Kylemore Abbey is one of the most famous and photographed buildings in Ireland.
4. Discover Killary Fjord on a boat trip
Killary Harbour is the only fjord in Ireland and stretches 16 km from the Atlantic coast to Aasleagh Falls. It is stunningly beautiful and forms the border between the counties of Galway and Mayo. The fjord is surrounded by mountains and the view is breathtaking. At the head of Killary fjord is the village of Leenane. This is a cozy village with a few bars, restaurants and hotels.
Recommended is a boat trip through the fjord and with luck you see dolphins. The best chance to see the dolphins is in the spring and early summer. During the 90 minute boat ride you will receive interesting information about the fjord and other places in the area.
- The boat trip can be made during the months of April to October.
- In June, July and August the boat sails at 10:30h, 12:30h, 14:30h and 16:00h. In the other months the boat sails at 12:30h and 14:30h.
- Price: adults € 23,50
- Location: Nancy’s Point, 2km from Leenane
- More information can be found on the website of Killary Harbour Boat Cruise
5. Explore The Lost Valley
The Lost Valley is a special place where you can get a unique insight into the cultural heritage of the west of Ireland. It’s an active farm where you can take a guided tour. The Lost Valley is extremely remote and this makes it a special place. You’ll experience life and learn all about the history of this remote place. The valley around the farm is vast and beautiful. Gerard and Maureen Bourke (the owners of the farm) are passionate and give you an unique insight into their lives. The Lost Valley has remained largely unchanged since the villagers were expelled during ‘The Great Famine’ in the middle of 1800.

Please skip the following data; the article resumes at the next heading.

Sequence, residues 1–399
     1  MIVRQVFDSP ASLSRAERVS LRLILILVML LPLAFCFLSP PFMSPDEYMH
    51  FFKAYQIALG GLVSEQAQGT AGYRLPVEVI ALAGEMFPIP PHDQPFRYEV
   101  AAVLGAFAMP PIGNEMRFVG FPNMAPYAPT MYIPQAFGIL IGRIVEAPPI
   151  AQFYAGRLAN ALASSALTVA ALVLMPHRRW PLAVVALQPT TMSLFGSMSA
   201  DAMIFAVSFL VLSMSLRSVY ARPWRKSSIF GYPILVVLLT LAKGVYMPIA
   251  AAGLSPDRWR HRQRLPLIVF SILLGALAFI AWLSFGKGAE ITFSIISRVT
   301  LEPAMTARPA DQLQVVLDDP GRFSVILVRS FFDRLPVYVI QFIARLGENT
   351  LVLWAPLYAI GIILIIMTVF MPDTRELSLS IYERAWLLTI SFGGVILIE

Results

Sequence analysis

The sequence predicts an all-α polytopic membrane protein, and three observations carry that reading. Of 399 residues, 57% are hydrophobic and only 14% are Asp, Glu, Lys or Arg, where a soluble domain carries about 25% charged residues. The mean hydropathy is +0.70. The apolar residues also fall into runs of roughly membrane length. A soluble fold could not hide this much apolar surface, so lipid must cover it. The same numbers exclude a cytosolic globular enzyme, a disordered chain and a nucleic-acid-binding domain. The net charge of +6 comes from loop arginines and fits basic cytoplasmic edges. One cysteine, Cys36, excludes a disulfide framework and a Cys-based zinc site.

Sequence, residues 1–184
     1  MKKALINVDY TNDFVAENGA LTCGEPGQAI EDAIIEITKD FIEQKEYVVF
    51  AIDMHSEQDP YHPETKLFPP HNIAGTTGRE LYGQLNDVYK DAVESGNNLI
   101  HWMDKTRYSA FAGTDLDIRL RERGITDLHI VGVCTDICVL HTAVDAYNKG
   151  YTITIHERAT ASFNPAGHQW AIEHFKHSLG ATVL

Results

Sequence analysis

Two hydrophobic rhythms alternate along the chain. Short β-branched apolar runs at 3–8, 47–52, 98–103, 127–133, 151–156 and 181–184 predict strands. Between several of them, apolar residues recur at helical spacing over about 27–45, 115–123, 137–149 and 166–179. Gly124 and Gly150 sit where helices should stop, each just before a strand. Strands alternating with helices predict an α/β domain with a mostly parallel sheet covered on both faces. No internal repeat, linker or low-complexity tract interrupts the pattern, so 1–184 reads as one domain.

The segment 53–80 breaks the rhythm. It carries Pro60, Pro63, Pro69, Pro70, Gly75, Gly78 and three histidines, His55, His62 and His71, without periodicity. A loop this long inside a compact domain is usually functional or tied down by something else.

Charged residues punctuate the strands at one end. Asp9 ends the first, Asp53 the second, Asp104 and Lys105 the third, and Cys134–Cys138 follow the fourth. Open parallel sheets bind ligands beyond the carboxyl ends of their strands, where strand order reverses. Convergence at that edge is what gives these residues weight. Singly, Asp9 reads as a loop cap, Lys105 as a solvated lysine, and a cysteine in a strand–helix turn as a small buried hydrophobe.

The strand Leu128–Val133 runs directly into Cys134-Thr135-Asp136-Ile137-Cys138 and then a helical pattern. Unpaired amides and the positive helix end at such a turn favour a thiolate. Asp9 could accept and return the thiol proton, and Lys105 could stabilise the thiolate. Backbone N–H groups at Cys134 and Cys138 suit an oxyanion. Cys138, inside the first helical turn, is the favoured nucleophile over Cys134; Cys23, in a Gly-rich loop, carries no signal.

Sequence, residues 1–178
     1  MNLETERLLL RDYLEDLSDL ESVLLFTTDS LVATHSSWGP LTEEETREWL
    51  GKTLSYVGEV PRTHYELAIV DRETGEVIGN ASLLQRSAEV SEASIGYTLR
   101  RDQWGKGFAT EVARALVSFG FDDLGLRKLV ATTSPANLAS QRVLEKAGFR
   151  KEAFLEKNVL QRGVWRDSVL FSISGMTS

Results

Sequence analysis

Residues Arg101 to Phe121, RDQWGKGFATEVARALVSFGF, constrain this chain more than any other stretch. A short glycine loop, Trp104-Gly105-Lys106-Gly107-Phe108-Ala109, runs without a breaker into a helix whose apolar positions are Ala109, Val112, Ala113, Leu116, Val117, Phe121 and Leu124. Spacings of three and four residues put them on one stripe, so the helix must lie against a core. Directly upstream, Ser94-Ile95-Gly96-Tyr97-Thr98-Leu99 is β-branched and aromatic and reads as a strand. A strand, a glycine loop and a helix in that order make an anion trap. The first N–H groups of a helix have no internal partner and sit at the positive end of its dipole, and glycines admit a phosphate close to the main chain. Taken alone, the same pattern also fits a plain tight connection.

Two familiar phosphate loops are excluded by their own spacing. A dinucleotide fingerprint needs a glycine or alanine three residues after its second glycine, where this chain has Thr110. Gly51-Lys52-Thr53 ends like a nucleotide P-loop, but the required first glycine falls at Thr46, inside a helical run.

- Location: From Westport take the R335 to Louisburgh, about 22km away. Continue straight through the village of Louisburgh on the A378. At the end of the road is the farm.
- Price: adults €20,- and children €10,-.
- Reservation is necessary.
- More information can be found on the website of The Lost Valley.
6. Visit the village of Clifden
Clifden is one of the largest and most pleasant places in the region. It is full of shops, bars and restaurants. The village is colourful and atmospheric. Just outside the center on the Sky Road is the castle of Clifden. This castle was built in 1812 by John D’Arcy. The estate of Clifden Castle was originally more than 17,000 acres, but when the D’Arcy family went bankrupt (due to debts incurred during the Great Famine) a lot of land was sold and changed owners. At this moment the castle is a ruin and partly covered with thick ivy.